Jimmy the Kid by Donald E. Westlake (1974)
The trouble began (as it so often did) with Andy Kelp:
….The way Kelp had come across that book, he'd been in jail at the time: a fact he didn't intend to mention to anybody. It had been upstate in Rockland County, a small town where he'd run into a little trouble when some cops stopping cars to look for drugs had found a whole lot of burglar tools in his trunk. It had taken five days to get the whole thing squashed because of the element of illegal search, but during those five days Kelp had been kept locked up in the local pokey. And a very poky pokey it had been, too—nothing to do but roll Bugler cigarettes and read paperback books donated by some local ladies' club.
Several of the books had been by this writer Richard Stark, always about the same crook, named Parker. Robbery stories, big capers, armored cars, banks, all that sort of thing. And what Kelp really liked about the books was that Parker always got away with it. Robbery stories where the crooks didn't get caught at the end—fantastic. For Kelp, it was like being an American Indian and going to a western movie where the cowboys lose. Wagon train wiped out, cavalry lost in the desert, settlement abandoned, ranchers and farmers driven back across the Mississippi. Grand.
Child Heist was the third of the Parker novels he'd read, and even while he was reading it he'd known it meant something special to him, even more than the others. And as he was finishing the book the revelation had come on him like a sudden flood of heavenly light, like his little gray cell had just been illumined by a thousand suns. That's the way it had been. And when, the next day, the Public Defender had finally gotten him sprung, he'd walked out of there with Child Heist concealed inside his shirt, and as soon as he'd made it back to the city he'd gone to a bookstore and picked up half a dozen more copies….
Kelp wants to convince Dortmunder and Stan Murch that they can use the Stark novel as a Bible to commit their own child heist.
….May cast around for another argument, considered a specific mention of the friendship between Dortmunder and Kelp, and finally decided not to do that. If she did, he might just be angry enough now to deny the friendship, and then later on he'd think he had to stand by the denial. Better to let the dust settle for a minute.
They were finishing the Jell-O when she started again, coming in from another direction entirely, saying, "I read that book again. It isn't bad, you know."
He looked at her. "What book?"
"The one Kelp showed us. The one about the kidnapping."
He straightened and looked around the room, frowning. "I thought I threw that out," he said.
"I got another copy." She'd gotten it from Kelp, but she didn't think she should mention that.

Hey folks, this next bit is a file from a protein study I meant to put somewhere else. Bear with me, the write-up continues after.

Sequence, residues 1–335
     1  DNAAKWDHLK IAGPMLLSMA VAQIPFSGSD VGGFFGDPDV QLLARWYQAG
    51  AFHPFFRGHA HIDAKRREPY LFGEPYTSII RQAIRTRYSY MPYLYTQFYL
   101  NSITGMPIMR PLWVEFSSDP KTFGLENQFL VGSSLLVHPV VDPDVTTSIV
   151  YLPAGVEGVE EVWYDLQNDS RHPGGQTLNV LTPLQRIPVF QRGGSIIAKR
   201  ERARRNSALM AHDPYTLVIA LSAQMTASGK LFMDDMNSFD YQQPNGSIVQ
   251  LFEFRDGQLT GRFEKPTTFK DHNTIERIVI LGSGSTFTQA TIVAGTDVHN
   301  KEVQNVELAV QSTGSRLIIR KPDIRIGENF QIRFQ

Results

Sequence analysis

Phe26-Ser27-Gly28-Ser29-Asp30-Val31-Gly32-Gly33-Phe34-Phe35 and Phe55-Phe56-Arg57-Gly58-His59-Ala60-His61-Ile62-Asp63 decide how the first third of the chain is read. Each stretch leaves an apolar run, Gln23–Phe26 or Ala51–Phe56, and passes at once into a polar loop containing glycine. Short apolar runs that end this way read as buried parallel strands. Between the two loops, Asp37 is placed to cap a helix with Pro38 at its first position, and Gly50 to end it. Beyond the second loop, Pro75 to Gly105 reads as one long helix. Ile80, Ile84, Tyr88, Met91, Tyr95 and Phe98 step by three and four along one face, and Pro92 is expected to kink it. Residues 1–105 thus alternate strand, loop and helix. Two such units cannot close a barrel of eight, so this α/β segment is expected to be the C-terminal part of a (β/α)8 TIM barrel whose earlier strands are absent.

He turned his frown toward her. "What for?"
"I wanted to read it again. I wanted to see if maybe Kelp had a good idea after all."
"Kelp with a good idea." He finished his Jell-O and reached for his coffee.
"Well, he was smart to bring it around to you," she said. "He wouldn't be able to do it right without you."
"Kelp brings a plan to me."
"To make it work," she said. "Don't you see? There's a plan there, but you have to convert it to the real world, to the people you've got and the places you'll be and all the rest of it. You'd be the aw-tour."
He cocked his head and studied her. "I'd be the what?"
"I read an article in a magazine," she said. "It was about a theory about movies."
"A theory about movies."
"It's called the aw-tour theory. That's French, it means writer."
He spread his hands. "What the hell have I got to do with the movies?"
"Don't shout at me, John, I'm trying to tell you. The idea is—"
"I'm not shouting," he said. He was getting grumpy.
"All right, you're not shouting. Anyway, the idea is, in movies the writer isn't really the writer. The real writer is the director, because he takes what the writer did and he puts it together with the actors and the places where they make the movie and all the things like that."
"The writer isn't the writer," Dortmunder said.
"That's the theory."
"So they call the director the aw-tour,' she explained, "because that's French for writer."
There is a wonderful tension in Jimmy the Kid as the characters fight over carrying-out the complicated methods of Child Heist. At one point Murch's Mom reads from it verbatim when calling abductee Jimmy Harrington's father with the gang's demands.
"....We have your boy."
"Yes, you said that. And this is the phone call."
"Right. All right. Your Bobby's fine. And he'll—"
"I said, 'Your Bobby's fine. And he'll stay—"
"Are you sure you have the right number?"
"Jimmy! I didn't mean—I meant Jimmy. Your Jimmy's fine. And he'll stay fine just as long as you cooperate."
Bobby, you see, is the name of the kidnapped boy in Child Heist.
Jimmy Harrington, the boy Dortmunder's crew kidnaps, is a child only in age. He is a cinephile, and by the end of the caper he out-auteurs Dortmunder, turning the tables on his captors and everyone else.
Jimmy the Kid was the last Dortmunder novel I needed to read. It is a modest tale, not quite as breathless as Bank Shot and not quite as magisterial as the great Drowned Hopes. But any Dortmunder novel is a comfort; they show there is always someone more defeated in their life than we readers.
….Dortmunder said, "I don't intend to make any big issue of this, but I just want to say one thing. This is not what I had in mind when I decided to go in for a life of crime."
11 April 2018